When Prior Lake blogger and writer Lisa Soldo-Johnson’s late mother, Lorraine, was diagnosed with dementia, Soldo-Johnson began desperately trying to save scraps of their time together.
“I felt an urgency to capture on paper the recipes she had stored in her memory and had yet to teach me,” Soldo-Johnson writes in her new cookbook, “It Begins at the Table.”
The cookbook, which was released earlier this year, combines what Soldo-Johnson learned in her mother’s kitchen with more than 100 recipes from the kitchens of 11 chefs from seven nations — all friends and colleagues of Soldo-Johnson’s who have immigrated to the United States over the years.
Soldo-Johnson’s time in her friends’ kitchens learning how to make Syrian, Iranian, Israeli, Russian, Chinese and Mexican food brought a “revelation about the power of food and the power of love,” she said in an interview.
“What I found most unique about their stories is that they actually cook from the soul,” Soldo-Johnson said. “They cook from the nostalgia that came from their mothers’ kitchen.”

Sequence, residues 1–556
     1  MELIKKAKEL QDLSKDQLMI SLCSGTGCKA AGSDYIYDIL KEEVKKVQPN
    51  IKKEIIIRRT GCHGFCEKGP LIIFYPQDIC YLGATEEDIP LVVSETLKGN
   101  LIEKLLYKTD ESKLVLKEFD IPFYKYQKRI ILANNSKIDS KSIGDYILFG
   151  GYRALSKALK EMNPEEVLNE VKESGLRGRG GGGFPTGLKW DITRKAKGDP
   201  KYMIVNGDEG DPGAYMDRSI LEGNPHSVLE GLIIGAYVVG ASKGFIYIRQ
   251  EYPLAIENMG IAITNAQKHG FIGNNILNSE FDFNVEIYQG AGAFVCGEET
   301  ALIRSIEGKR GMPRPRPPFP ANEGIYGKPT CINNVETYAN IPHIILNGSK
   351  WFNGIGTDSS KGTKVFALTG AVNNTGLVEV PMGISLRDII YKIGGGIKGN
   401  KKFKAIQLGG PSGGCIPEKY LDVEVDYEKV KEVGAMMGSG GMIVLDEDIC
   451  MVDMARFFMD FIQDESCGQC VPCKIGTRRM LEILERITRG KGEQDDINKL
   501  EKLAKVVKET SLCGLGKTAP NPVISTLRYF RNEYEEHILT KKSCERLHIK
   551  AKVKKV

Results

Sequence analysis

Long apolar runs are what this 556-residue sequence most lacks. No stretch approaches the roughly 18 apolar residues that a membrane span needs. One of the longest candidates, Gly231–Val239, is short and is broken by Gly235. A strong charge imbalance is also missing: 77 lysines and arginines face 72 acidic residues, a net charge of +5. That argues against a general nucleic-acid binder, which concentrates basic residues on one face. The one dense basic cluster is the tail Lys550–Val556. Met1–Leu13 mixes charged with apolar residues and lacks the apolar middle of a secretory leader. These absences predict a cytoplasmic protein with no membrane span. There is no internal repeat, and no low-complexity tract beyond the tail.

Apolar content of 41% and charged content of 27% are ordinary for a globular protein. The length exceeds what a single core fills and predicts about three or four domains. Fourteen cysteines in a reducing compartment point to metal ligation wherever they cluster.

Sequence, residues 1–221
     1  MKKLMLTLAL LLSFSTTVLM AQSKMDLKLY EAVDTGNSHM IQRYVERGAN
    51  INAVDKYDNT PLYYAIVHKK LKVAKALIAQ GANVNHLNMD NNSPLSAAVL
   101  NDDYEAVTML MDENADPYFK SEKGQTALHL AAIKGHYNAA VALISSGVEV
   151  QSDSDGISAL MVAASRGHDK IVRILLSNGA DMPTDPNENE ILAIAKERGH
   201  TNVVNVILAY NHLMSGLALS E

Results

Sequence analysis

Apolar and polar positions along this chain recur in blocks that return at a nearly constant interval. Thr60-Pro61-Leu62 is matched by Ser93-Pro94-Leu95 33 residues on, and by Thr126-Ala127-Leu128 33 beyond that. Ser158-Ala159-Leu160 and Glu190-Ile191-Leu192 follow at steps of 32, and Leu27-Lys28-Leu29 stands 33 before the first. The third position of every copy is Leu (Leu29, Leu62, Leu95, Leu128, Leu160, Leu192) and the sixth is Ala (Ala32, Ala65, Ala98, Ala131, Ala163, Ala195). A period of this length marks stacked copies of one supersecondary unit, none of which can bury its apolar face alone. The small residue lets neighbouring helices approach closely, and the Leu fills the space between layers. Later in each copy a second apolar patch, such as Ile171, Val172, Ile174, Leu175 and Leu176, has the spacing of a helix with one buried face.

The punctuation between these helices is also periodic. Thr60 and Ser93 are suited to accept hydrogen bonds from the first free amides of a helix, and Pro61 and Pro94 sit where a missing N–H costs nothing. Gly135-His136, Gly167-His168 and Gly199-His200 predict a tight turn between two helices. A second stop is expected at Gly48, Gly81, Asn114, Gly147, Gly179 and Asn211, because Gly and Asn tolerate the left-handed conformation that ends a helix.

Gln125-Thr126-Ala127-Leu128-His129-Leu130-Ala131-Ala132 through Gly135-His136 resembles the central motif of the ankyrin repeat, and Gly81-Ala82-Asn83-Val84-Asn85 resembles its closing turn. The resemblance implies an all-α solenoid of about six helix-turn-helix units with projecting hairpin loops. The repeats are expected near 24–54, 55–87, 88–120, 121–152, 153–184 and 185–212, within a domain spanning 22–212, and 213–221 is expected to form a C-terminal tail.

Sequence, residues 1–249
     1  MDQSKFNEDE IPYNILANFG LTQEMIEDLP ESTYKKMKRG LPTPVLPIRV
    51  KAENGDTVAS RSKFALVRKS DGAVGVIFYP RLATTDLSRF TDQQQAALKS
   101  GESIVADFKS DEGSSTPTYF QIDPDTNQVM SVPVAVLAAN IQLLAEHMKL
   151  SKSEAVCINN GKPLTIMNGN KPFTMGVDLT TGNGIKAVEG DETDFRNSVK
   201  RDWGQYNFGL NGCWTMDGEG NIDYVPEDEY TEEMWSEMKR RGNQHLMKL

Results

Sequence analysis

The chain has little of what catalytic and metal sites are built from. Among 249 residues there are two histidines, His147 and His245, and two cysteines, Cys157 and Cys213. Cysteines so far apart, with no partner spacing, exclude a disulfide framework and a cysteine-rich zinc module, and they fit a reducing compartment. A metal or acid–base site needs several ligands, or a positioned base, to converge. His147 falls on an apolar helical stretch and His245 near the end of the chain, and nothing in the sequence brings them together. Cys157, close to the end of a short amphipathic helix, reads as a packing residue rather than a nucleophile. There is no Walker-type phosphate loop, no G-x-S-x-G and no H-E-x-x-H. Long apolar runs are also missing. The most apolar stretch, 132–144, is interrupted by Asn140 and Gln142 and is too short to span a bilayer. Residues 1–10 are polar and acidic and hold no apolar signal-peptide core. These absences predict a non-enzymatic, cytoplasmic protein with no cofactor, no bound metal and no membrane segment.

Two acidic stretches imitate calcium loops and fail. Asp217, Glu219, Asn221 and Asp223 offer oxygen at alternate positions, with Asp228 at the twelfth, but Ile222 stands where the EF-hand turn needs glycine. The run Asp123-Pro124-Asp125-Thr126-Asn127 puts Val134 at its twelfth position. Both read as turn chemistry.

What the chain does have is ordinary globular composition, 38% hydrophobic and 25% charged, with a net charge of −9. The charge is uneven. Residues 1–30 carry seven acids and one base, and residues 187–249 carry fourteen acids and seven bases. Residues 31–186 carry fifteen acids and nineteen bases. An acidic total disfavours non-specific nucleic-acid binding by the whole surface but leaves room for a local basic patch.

Nostalgia turns out to be a great ingredient.
Maya Pugachevsky and her daughter Natasha Baig came to the United States from Kiev, Ukraine. Pugachevsky wrote that their recipes for stuffed peppers, salad olivier and baked cod represent generations of simple home-style Russian cooking.
“We try to cook from our heart,” she said.
Suheyla Kerkinni brings stuff grape leaves, lentil salads and kebabs to the table. She wrote that her recipes try to capture her nostalgia for her childhood home among the mountains in Midyat, Turkey.
“Our home was filled with savory smells of traditional cooking and memorable aromas of fresh herbs and spices,” Kerkinni writes. “It was like a messenger carrying good news through the air.”
Soldo-Johnson said she spent two years working with each contributor to translate the recipes they learned through touch and taste into accessible, concrete instructions. The book also includes quick recipe shortcuts and substitutions for cultural staples that might be elusive in Minnesota grocery stores.
“I teach the reader to cook and connect with the world around us and to look beyond our differences and celebrate what unites us,” Soldo-Johnson said. “That’s really the heart beat of the book.”
Soldo-Johnson has written about food and travel at her Culinary Butterfly blog, culinarybutterfly.com, for more than a year. Her cookbook is available on her website and on Amazon.